Offline staehpj1

Re: Tips for a Rollerblader going coast-to-coast
« Reply #4 on: April 30, 2015, 01:12:54 pm »
Also note that road construction could throw a serious monkey wrench into your plans. While riding both the TransAm and Northern Tier routes I encountered long stretches (I am talking miles) where the pavement had been ripped up for resurfacing, leaving only dirt and/or gravel, and there were not alternate, paved options. Bring some good walking shoes just in case.

Yes, roadwork that requires at least a few miles of walking is definitely likely.  I'd also expect you might do some walking up mountain passes, how much will depend on how steep of a grade you can skate up.

You might find Björn Suneson's trips interesting and maybe glean some useful info from his pages.  He has done a number of US coast to coast trips running and carrying some gear in a baby jogger.  He is quite a good athlete and has generally taken 100 days plus or minus a bit to cross the US.  I wonder if his baby jogger approach might be suitable for rollerblading.

Offline Zynkh

Re: Tips for a Rollerblader going coast-to-coast
« Reply #5 on: April 30, 2015, 02:57:13 pm »
Thanks for the replies! Ok great to know the Great Divide is mostly unpaved. I'll scratch that from the itinerary.

I figured that I'd have to walk for at least short(ish) bursts, but good to know there are sometimes miles of gravel to deal with. I'll likely have to walk up some of those mountain passes as well, but I'm going to practice going up some of our local mountains in North Vancouver to see how they treat me. I have a few solutions for the downhills. There are these really cool sails out there that are essentially capes built to control your speed going downhill (makes you look like a flying squirrel  ;D). I think I'm also going to try to build a custom solution for my brakes with a little more stopping power than the default option.

It's good to know it's possible to pack very light for these trips, I have a plan for weight distribution using a small but well built camping backpack and rigging up a bike pannier on each leg, supported by the packs belt and shoulder harness, keeping everything very close to the body and maintaining my natural centre of gravity while also preventing it all from lurching about as I move. But if I can get away with only 15 pounds I might not need to MacGyver anything crazy.

Thanks staehpj1 for the link. I saw that the father/daughter team did 40 miles per day, so that's a good baseline, but I hope I can do closer to 60 (an even 100km), as I want to start in mid-April and be finished around the end of June. I'll bring camping gear but will probably do a motel every once in awhile too if it works out. That's another reason I want to plan my route ahead far in advance, so I'll know what milestones I need to hit.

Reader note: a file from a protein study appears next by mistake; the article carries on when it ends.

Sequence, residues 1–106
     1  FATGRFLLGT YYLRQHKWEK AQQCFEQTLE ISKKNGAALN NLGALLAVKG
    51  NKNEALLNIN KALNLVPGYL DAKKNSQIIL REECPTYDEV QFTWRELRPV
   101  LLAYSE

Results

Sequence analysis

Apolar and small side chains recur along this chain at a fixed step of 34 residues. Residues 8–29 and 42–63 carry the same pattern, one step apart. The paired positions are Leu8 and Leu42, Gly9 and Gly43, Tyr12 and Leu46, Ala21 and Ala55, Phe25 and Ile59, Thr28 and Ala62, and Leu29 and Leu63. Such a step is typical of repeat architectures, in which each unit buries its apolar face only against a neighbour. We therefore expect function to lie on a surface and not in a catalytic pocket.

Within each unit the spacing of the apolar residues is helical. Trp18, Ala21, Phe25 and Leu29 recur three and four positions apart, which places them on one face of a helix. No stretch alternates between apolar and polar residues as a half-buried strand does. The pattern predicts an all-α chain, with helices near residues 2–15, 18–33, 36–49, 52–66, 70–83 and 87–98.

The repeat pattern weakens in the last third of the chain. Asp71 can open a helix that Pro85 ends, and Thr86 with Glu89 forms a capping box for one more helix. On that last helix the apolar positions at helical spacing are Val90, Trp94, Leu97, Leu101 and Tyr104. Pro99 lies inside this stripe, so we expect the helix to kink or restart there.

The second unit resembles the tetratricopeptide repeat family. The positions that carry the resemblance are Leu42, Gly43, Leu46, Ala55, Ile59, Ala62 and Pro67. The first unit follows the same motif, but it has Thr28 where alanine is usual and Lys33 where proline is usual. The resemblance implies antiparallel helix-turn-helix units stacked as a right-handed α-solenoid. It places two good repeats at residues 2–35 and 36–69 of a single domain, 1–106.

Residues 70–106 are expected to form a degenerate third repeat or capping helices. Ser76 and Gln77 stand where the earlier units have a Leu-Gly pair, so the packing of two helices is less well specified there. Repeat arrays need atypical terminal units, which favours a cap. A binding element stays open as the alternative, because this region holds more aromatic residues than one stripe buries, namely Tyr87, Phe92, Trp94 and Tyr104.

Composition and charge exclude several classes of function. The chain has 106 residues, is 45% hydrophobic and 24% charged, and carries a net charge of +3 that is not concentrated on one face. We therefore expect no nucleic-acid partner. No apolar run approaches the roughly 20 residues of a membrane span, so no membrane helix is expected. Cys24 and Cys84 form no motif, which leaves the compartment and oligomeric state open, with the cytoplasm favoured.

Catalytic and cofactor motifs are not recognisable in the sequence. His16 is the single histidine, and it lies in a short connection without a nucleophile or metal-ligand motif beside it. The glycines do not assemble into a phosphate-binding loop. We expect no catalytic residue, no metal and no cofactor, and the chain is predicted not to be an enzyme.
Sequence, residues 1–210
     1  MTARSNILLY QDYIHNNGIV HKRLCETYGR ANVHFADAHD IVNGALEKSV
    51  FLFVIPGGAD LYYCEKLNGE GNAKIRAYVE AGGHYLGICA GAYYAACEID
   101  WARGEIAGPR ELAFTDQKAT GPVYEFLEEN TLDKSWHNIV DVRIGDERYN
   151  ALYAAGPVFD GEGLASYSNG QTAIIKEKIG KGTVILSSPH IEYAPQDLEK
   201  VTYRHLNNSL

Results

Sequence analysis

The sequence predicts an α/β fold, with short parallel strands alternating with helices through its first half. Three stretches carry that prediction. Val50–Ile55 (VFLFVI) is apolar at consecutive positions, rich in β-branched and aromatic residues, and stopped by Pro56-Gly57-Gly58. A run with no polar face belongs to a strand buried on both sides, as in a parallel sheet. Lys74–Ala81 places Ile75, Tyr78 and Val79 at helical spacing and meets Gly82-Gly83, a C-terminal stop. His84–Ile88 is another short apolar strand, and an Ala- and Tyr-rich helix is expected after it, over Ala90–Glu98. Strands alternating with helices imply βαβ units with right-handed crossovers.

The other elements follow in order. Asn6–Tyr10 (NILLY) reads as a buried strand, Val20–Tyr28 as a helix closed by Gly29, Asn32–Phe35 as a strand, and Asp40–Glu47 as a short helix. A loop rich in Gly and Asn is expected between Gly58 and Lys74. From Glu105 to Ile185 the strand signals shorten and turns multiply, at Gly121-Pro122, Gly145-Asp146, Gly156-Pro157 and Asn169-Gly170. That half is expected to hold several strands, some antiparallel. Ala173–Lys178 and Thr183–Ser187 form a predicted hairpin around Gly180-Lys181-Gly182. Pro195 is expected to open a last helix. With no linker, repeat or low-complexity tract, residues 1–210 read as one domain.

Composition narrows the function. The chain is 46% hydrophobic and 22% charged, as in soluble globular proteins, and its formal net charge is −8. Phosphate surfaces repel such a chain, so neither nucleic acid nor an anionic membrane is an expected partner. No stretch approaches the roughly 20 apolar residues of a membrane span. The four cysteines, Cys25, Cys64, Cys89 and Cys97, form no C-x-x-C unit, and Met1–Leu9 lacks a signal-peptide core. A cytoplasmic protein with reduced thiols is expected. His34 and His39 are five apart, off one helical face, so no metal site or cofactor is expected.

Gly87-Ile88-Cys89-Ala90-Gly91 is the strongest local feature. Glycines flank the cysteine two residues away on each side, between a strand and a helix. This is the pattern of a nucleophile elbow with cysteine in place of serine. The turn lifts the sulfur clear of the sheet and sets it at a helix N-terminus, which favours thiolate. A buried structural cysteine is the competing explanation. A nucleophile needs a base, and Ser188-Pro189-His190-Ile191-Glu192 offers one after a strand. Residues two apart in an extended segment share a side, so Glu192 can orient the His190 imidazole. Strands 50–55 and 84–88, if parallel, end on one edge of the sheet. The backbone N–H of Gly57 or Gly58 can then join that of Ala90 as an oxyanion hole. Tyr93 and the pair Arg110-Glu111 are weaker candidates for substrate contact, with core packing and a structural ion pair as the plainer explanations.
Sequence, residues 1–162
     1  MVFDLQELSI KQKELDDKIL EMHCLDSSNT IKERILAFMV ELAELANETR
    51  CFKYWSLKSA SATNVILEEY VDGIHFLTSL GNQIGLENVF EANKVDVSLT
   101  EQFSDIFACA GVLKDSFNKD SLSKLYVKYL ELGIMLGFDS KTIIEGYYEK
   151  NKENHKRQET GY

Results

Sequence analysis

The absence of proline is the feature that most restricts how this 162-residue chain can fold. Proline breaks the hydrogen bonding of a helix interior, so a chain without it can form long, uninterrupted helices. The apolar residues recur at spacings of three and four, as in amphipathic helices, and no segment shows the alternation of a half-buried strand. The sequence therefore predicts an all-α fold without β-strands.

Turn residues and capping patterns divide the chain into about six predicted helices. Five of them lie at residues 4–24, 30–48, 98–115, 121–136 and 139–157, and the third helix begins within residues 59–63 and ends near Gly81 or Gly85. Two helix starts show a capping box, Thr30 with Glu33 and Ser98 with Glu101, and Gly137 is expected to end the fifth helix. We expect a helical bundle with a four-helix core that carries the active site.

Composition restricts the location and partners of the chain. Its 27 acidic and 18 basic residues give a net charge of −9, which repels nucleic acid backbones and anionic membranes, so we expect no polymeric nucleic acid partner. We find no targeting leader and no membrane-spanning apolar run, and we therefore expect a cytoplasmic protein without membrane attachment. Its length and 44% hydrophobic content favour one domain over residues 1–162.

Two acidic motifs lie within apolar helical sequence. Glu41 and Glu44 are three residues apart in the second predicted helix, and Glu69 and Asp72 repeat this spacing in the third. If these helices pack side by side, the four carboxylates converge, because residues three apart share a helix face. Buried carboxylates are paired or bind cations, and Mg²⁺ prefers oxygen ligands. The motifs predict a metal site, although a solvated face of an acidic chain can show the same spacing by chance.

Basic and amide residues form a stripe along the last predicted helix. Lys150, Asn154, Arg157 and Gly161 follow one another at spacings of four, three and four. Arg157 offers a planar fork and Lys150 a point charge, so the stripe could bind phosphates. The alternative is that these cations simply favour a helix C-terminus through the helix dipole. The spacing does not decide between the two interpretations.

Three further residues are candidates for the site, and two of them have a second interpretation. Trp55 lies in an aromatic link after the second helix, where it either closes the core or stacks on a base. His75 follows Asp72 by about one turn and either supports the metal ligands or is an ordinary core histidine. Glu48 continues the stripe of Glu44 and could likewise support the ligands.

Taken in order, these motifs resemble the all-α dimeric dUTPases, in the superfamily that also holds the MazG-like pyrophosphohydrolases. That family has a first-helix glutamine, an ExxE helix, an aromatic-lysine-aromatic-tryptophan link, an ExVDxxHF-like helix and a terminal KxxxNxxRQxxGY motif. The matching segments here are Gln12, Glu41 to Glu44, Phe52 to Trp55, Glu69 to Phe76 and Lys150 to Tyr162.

Offline walks.in2.trees

Re: Tips for a Rollerblader going coast-to-coast
« Reply #6 on: May 01, 2015, 06:36:39 pm »
In general all of the official bike routes in my area are technically paved, and sometimes share a paved road though as one person mentioned,  some are pretty old and heaving and crumbling, and roads shared by vehicles are always iffy condition wise. Any place where snow falls will be this way.  And this is just in upstate ny, I haven't been cross country yet, I'd say it's a safe bet that it's the same everywhere in the north though,  especially in rural areas. 

Offline walks.in2.trees

Re: Tips for a Rollerblader going coast-to-coast
« Reply #7 on: May 01, 2015, 06:46:56 pm »
I definitely recommend at least a two-week trial trip to somewhere nearby with backup to learn what works and what doesn't. The paniers on the legs for instance sound like they'll take about three minutes for you to figure out they won't work cross-country

Offline staehpj1

Re: Tips for a Rollerblader going coast-to-coast
« Reply #8 on: May 01, 2015, 07:44:29 pm »
The paniers on the legs for instance sound like they'll take about three minutes for you to figure out they won't work cross-country

Agreed.  I'd be happy to be proven wrong, but I think that has very little chance of working.

A shakedown trip is a good idea and highly recommended, but learning on a long tour is also possible, especially on a multi month trip.  It helps if you have someone who can mail you things and that you can send things that are not working back to.  Receiving things via general delivery is great in this regard.

Carrying gear will likely be one of the most difficult issues.  I know that when looking into a possible coast to coast run I found a number of coast to coast runners who found even a very light backpack to be problematic and had to adjust.  The two most likely solutions are to pack extremely light or to pack merely very light and use a baby jogger.